How to make a unit stay on?!


If you can’t move it to blip it on, then that may be the problem. Just holding it down doesn’t allow it to restart into what is effectively permanently on mode so long as the clip holds the button down. But you must be able to move your hold-down to do the restart. Otherwise, it’s basically my instructions above [to the best of my current knowledge.]

This needs field-testing, if for no other reason to see if power consumption is within the capacity of current batteries and panels. In the winter, the slight heating effect might even be desirable. People should report back their findings when the weather allows.


Sorry to drag this on but I’m still a bit confused. If I’m following correctly to get a GTM into “always on mode” you must:

  1. Jam the button down
  2. let the GTM battery run down
  3. plug the GTM into power
  4. momentarily release then re-jam the button (blip the button)

At this point if the unit dies again will it automatically restart when power is applied? Like in a solar application with no external battery and the sun returns after several overcast days.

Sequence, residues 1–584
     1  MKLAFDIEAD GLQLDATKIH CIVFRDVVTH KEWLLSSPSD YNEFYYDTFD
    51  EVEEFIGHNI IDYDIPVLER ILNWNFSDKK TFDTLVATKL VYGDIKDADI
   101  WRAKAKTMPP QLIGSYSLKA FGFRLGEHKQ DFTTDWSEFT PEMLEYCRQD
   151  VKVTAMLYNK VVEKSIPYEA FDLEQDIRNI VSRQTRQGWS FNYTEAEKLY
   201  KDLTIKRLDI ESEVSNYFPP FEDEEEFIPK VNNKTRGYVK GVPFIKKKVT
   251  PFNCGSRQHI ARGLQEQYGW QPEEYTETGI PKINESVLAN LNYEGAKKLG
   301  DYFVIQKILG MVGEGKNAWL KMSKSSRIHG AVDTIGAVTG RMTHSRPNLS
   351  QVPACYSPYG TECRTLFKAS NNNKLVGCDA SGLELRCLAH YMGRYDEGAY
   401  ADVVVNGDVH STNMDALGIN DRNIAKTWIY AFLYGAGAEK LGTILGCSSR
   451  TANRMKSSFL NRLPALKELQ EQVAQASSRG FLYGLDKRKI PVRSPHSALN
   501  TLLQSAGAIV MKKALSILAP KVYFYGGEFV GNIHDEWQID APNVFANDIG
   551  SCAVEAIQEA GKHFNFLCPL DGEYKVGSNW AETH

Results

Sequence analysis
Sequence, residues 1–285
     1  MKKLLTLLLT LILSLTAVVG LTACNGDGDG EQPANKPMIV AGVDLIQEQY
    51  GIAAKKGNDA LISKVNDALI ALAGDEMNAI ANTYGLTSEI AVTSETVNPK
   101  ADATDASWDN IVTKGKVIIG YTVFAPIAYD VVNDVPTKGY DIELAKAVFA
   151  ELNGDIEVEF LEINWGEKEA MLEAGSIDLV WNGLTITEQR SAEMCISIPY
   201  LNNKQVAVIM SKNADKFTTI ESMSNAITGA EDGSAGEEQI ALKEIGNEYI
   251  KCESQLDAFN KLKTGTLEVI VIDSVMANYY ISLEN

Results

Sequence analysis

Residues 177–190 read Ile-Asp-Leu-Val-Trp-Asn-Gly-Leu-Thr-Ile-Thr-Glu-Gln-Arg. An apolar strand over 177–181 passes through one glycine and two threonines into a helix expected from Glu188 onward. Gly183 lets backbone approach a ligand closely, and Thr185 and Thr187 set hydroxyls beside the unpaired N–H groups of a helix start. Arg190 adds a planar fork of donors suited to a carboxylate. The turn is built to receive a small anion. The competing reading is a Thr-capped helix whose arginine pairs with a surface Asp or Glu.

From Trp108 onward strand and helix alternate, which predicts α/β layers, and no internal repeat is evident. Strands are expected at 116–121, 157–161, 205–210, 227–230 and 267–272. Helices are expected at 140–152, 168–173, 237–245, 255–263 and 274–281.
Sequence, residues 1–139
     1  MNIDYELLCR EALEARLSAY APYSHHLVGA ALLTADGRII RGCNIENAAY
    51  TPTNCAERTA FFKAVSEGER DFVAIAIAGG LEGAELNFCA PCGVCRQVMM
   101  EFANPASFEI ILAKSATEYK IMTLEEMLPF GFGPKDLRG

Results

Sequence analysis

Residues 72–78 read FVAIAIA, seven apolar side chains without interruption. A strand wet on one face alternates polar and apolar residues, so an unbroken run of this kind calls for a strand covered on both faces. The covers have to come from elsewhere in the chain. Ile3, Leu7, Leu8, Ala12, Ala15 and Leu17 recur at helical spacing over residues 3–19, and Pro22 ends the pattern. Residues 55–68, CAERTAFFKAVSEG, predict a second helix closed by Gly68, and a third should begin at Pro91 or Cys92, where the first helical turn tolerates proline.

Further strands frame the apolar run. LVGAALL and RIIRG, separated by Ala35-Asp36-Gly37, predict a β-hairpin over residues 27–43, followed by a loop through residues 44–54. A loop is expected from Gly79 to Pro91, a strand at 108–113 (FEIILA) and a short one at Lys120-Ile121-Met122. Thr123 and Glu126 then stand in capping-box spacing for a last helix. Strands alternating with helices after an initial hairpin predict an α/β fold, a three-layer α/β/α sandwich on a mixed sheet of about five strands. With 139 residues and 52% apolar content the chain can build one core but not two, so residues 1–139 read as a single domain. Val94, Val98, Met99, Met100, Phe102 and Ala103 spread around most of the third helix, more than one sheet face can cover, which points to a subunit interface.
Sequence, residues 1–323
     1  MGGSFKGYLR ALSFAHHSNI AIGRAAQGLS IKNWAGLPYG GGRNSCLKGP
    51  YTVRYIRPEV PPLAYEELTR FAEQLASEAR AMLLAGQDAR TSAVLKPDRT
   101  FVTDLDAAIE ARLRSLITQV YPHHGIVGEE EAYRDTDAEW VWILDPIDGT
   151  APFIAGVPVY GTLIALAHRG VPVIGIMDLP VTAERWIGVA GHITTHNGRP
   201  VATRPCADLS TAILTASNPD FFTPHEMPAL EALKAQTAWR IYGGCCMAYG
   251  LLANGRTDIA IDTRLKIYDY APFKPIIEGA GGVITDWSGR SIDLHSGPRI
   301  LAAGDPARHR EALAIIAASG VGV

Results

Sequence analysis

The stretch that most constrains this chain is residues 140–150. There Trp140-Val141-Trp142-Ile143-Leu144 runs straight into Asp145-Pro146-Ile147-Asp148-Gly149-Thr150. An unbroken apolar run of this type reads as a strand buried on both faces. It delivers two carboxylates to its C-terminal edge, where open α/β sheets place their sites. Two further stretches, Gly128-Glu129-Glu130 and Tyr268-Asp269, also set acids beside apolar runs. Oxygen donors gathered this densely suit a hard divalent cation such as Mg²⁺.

My interest in this possible feature lies in the use of a GTM as a relay on solar power. If the GTM will turn itself on when solar power is restored it will drastically simplify my mountain top relays. I can live with occasional down time at night or during gloomy periods if I don’t have to make the several hour trip to reset it manually. Thanks!


Yes, that’s the routine that worked for me.

That seems to be the consensus. I always like to see such things for my self. However, the design is said to relay so long as the GTM is on, no matter what the white flashing lights are doing. And holding the Power button down leaves it always active when power is restored.